doowahditty, September 4, 2011 (view all comments by doowahditty)
The Iliad by Homer, translated by Robert Fagles, is undoubtedly wonderful poetry that makes you marvel at word choice and rhetorical construction. Yet it moves with the speed of an adventure novel. In other words, it exemplifies (as no other translation has for me) what scholars have been telling us about Homer for centuries. I don't understand classical Greek, so I can't read Homer in the original, but it seems Fagles has given me something very, very close indeed. In fact, Fagles' translations of Homer's "The Odyssey" and Virgil's "The Aenied" make a sublime trilogy of ancient myth. To hear it as Homer must have spoken it (it was first an oral composition, of course) I recommend the audiobook with Derek Jacobi's interpretation of "The Iliad" as translated by Fagles. Stupendous!
BGP, October 10, 2009 (view all comments by BGP)
The Iliad is a genuine classic, sure to please aficionados and students of: poetry; mythology; ancient history; military literature; rhetoric; and epic fiction in general. Be that as it may, I must state that I wasn't entirely pleased with the most recent adaptation, in which: Menelaus was portrayed by Cheney; Agamemnon by Bush; Achilles by Rumsfeld; Ajax by Powell; Priam by Saddam; Paris by the rather abstract, but quite real, blowback from America's (specifically, the Reagan Administration's) foreign policy; Helen by Saddam's delusory and dramatically overstated weapons program, and so on and so forth...
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by Oliver Taplin, The New York Times Book Review,
"Plain and direct, noble, above all rapid...leading the reader forward with an irresistible flow. More readable than Lattimore or Fitzgerald, and more performable...[Fagles'] version is imbued with humanity."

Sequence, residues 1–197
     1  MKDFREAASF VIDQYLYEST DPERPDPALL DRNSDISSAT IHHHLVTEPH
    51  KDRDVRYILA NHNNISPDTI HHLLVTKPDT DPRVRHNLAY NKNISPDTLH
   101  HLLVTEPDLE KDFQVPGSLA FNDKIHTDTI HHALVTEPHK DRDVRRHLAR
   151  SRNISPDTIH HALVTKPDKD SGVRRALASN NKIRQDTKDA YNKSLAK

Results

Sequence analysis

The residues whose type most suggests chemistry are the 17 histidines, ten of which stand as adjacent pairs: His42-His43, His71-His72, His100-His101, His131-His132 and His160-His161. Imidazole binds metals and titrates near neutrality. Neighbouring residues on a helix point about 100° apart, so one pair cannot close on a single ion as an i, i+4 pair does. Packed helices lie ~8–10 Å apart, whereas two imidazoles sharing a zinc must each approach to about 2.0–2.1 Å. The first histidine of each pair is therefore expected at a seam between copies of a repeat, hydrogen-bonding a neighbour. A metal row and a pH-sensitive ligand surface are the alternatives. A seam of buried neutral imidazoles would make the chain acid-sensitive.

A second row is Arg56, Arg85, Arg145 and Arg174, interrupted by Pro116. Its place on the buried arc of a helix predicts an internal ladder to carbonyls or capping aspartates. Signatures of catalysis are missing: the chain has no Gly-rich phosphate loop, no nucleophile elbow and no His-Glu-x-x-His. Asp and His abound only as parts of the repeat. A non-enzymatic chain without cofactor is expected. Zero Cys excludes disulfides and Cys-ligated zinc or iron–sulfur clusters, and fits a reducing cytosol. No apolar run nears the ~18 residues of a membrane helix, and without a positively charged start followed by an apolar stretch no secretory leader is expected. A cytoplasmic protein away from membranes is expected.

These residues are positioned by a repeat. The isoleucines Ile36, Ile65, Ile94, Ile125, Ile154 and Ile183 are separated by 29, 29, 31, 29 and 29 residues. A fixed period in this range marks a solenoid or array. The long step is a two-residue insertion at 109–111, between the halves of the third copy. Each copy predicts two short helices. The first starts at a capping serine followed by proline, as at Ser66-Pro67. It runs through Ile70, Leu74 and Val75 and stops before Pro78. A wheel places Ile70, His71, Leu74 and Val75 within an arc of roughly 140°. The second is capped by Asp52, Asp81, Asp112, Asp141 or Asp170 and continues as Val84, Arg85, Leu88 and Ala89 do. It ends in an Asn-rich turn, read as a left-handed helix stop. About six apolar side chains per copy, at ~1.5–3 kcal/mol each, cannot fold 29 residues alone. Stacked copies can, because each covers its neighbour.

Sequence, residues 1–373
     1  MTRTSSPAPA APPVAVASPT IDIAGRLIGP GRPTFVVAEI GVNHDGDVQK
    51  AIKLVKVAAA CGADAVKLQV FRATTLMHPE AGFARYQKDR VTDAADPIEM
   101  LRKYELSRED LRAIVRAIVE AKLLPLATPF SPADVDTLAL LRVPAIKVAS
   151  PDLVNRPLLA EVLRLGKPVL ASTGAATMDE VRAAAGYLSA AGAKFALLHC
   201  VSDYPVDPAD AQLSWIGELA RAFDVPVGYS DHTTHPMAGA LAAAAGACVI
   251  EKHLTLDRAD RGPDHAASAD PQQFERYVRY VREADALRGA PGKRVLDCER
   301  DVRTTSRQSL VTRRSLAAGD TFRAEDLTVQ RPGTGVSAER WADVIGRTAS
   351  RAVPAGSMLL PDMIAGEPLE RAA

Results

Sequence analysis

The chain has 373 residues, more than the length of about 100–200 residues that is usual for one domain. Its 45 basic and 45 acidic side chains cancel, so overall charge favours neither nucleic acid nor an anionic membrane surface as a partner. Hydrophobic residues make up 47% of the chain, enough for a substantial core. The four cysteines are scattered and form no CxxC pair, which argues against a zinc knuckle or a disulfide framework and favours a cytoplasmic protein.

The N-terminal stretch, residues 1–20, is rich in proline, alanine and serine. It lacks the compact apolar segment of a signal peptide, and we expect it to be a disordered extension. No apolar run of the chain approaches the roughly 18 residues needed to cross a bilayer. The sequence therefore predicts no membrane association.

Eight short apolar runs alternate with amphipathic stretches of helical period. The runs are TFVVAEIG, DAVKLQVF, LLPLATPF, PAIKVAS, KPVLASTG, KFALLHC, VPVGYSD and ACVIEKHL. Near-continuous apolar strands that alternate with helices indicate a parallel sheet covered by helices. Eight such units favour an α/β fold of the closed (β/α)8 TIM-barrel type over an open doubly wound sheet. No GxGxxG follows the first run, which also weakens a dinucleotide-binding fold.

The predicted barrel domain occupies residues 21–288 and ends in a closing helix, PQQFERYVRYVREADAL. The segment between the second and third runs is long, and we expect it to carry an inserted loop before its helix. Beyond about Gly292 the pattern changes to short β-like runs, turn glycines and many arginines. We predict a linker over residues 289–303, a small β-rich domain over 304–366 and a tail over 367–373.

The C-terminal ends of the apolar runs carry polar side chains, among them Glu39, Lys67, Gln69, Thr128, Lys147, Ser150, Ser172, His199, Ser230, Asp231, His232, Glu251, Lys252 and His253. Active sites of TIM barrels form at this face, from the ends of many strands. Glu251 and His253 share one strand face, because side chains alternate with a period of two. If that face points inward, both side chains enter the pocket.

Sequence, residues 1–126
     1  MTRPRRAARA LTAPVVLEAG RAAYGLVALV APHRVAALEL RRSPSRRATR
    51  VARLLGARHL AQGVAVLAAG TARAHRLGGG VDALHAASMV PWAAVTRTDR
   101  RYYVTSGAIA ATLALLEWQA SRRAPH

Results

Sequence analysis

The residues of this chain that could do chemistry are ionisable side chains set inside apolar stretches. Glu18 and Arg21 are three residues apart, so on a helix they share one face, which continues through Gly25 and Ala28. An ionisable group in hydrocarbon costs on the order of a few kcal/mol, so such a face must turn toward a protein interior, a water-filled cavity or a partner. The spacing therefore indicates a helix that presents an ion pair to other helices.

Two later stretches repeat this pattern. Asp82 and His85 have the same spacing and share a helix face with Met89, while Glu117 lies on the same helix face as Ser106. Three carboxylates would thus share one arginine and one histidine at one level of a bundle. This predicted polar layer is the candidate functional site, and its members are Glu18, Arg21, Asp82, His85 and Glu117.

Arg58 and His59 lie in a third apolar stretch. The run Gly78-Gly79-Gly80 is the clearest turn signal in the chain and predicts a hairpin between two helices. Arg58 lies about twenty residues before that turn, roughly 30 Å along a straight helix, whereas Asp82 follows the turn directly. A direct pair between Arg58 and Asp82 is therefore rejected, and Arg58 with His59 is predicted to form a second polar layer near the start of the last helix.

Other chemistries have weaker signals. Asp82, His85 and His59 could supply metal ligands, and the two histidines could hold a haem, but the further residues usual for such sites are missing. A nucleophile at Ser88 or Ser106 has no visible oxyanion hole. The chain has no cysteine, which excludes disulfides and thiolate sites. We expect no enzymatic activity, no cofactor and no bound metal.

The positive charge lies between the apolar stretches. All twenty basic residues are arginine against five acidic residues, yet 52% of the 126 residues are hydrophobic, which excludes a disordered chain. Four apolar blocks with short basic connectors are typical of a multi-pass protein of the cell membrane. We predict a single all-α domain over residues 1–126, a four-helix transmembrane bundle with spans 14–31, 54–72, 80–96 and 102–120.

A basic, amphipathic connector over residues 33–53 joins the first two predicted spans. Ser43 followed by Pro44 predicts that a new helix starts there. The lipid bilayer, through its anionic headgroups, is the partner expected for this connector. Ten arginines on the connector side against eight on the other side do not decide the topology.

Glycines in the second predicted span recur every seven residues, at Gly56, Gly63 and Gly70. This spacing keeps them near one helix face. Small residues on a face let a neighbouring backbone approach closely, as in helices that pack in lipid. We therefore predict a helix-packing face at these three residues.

by Donald Lyons, The Wall Street Journal,
"Fagles can claim to be the twentieth-century champion."
by Douglass Parker, The New Republic,
"Tremendous eloquence...an Iliad primed for grandeur...the result is a glory that can encompass that shuddering last month of the war...a nobility and a sweep hitherto unknown in English Iliads."
by The New York Review of Books,
"[Fagles's version] has many admirable qualities. The author has taken great care to make it easy for people unfamiliar with Greek mythology to understand the poet....His beautifully produced book is equipped with maps, glossaries, and aids to pronunciation....Its value to the many professors who teach Homer in translation will be considerable. Apart from these external advantages, it has a good many intrinsic merits....[Fagles'] version is undeniably rapid. It is also plain and direct....[However], he is deficient in nobility."
by Garry Wills, The New Yorker,
"Robert Fagles is the best living translator of ancient Greek drama, lyric poetry, and epic into modern English."
by The Chicago Tribune,
"Fagles' [translation] is more supple than Lattimore's, more sinewy than Fitzgerald's. [He] has done what any translator must do, which is to make dozens of decisions in each line, hundreds on each page. Most of them, in this version, are sensible and shrewd, at least reasonable and quite often brilliant."
by The Washington Post,
"Robert Fagles now offers a verse translation that explains what readers need to know, in clear, vigorous language that still retains a sense of the sweep and the sonority of the original."
This poem recounts the story of the Trojan wars, conveying the horror and heroism of men and gods battling amidst devastation and destruction. In his introduction, Knox observes that although the violence is relentless, it co-exists with both images of civilized life and a yearning for peace.
Dating to the ninth century BC, Homers timeless poem still vividly conveys the horror and heroism of men and gods wrestling with towering emotions and battling amidst devastation and destruction, as it moves inexorably to the wrenching, tragic conclusion of the Trojan War. Renowned classicist Bernard Knox observes in his superb Introduction that although the violence of the Iliad is grim and relentless, it coexists with both images of civilized life and a poignant yearning for peace.
Combining the skills of a poet and scholar, Robert Fagles brings the energy of contemporary language to this enduring heroic epic. He maintains the drive and metric music of Homers poetry, and evokes the impact and nuance of the Iliads mesmerizing repeated phrases in what Peter Levi calls an astonishing performance.”
This timeless poem-more than 2,700 year old-still vividly conveys the horror and heroism of men and gods wrestling with towering emotions and battling amid devastation and destruction as it moves inexorably to its wrenching, tragic conclusion. Readers of this epic poem will be gripped by the finely tuned translation and enlightening introduction.
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